Arugula (pronounced ah- ROO-guh-lah) -- rucola in Italian, rocket in Saint Lucia and many other places -- delivered a flavorful punch, both peppery and tart, like no other lettuce leaf salad I'd ever tasted. The leaves were tender, yet refreshingly crisp. The fruity olive oil and salty-sweet cheese balanced the naturally bold flavored greens. These two pronounced ingredients tamed arugula’s sharpness, making this two-bite sample irresistible. After a taste of warm, crusty house made bread and a sip of Pinot Grigio, I was eager to order the salad from the menu; arugula definitively rocked my taste buds.
Once home I learned that arugula is a supermarket staple and that it's standard fare in Italian-style salads. It's also delicious in risotto, pasta dishes and soups, and makes a great pesto. I turned arugula into a myriad of dishes and quickly discovered its wake-up flavor teams beautifully with a variety of cheese dishes, vegetables or nestled under seafood, grilled meat and poultry.
I liked arugula so much, I planted it in our garden and have done so every year since — I was thrilled to find it’s so easy to grow! For dinner one night, I tossed garden-fresh leaves with a simple oil and vinegar dressing and topped the peppery-tasting greens with halloumi cheese. Halloumi is a superior tasting cheese made from goat’s milk and sheep’s milk. It has a high melting point, so it can be grilled or sautéed.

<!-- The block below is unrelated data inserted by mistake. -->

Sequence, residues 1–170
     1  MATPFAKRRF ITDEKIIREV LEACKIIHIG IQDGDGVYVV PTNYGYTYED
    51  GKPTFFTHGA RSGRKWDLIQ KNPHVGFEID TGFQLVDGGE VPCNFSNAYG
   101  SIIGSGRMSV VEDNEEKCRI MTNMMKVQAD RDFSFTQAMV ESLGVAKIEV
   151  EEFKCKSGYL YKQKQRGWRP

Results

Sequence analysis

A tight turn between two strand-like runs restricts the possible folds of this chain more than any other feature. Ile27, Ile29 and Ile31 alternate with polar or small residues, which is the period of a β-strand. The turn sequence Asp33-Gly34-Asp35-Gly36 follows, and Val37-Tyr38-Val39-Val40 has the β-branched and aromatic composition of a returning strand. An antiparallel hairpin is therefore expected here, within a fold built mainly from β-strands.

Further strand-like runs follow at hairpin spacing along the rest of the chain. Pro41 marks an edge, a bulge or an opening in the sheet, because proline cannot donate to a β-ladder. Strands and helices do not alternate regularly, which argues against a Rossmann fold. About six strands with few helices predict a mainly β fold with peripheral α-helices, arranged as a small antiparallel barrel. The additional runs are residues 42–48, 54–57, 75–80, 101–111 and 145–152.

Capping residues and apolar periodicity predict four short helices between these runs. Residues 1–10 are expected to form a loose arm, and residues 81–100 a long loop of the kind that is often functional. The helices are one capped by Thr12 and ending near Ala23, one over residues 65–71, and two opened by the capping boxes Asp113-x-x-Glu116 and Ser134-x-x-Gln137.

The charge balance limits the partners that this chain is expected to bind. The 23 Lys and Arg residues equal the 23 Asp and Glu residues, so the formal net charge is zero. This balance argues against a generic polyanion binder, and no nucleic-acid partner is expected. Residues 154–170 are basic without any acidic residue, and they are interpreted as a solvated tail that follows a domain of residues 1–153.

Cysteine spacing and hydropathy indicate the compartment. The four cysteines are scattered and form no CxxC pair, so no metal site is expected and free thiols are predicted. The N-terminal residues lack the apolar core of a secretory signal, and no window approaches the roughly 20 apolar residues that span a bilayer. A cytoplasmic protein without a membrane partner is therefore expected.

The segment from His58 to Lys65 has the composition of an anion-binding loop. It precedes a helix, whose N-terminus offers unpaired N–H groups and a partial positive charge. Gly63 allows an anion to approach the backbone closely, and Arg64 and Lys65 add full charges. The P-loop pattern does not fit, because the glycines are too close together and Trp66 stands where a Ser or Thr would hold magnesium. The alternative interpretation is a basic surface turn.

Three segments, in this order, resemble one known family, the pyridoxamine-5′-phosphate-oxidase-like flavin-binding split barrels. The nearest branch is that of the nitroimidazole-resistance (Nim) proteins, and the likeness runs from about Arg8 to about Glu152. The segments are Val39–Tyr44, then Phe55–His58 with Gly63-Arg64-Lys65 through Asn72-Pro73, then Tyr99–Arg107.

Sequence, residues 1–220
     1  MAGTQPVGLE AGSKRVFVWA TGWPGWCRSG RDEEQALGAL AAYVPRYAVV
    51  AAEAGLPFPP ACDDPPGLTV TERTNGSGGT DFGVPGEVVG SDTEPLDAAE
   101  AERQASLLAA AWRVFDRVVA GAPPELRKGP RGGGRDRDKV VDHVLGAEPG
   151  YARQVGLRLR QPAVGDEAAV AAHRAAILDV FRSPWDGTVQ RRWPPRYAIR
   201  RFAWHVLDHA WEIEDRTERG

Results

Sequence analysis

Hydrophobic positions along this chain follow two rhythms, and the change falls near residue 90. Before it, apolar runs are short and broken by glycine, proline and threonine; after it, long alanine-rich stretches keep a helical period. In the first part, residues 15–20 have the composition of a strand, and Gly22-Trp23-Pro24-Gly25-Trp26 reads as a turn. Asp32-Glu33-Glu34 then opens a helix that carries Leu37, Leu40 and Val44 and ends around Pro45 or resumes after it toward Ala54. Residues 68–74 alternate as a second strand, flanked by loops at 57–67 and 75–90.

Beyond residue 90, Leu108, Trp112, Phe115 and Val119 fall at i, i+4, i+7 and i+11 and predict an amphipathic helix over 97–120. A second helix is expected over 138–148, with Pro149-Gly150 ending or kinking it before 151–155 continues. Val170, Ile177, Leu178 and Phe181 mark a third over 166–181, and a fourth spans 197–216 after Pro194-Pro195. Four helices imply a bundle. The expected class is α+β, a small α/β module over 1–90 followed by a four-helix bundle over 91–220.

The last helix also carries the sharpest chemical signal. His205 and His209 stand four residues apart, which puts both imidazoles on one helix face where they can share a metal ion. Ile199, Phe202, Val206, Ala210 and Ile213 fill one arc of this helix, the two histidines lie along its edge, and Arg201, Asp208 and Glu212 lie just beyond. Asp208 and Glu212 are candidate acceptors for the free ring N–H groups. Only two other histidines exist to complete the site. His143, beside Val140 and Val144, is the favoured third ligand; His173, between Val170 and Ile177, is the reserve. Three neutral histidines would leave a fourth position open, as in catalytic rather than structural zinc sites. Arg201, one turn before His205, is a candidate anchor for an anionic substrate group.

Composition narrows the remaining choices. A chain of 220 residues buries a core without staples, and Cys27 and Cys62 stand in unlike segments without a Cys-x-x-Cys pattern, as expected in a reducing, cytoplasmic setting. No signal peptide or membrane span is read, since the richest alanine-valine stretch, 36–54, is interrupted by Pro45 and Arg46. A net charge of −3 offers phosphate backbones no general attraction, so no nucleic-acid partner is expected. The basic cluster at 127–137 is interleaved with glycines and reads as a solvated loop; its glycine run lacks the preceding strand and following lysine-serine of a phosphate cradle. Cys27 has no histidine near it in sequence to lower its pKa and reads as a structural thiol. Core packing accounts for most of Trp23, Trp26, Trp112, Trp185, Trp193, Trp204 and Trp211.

I’m always grateful when a favorite fruit or vegetable like arugula has two seasons. Arugula prefers the cooler temperatures of spring and fall when it's harvested -- a bonus for arugula lovers to be able to enjoy this great tasting green twice a year!
ARUGULA SALAD WITH SAUTÉED HALLOUMI
Halloumi is salty, so if you’re watching your salt intake, omit this ingredient from the vinaigrette recipe. Halloumi can be found in the specialty foods refrigerated section of most grocery stores.
1 teaspoon salt
Several grindings of freshly ground black pepper
1 teaspoon Dijon-style mustard
¼ cup apple cider vinegar
¾ cup olive oil
8 generous handfuls of arugula
Neutral oil for frying
1 package (8.8 ounce) halloumi cheese, cut into eight ¼-inch slices
1. In a 2-cup jar with a tight-fitting lid, combine salt, pepper, mustard, apple cider vinegar and olive oil. Cover and shake until ingredients are combined. Keep vinaigrette at room temperature until ready to use.
2. Shake vinaigrette and toss with greens, just enough to coat the leaves.
3. Divide greens among 8 salad plates.
4. Cover the bottom of a large sauté pan with oil, and over moderate heat, sauté halloumi until light golden brown (browning will be uneven), about 1–2 minutes per side.
5. Top each salad with a slice of cheese. Serve immediately.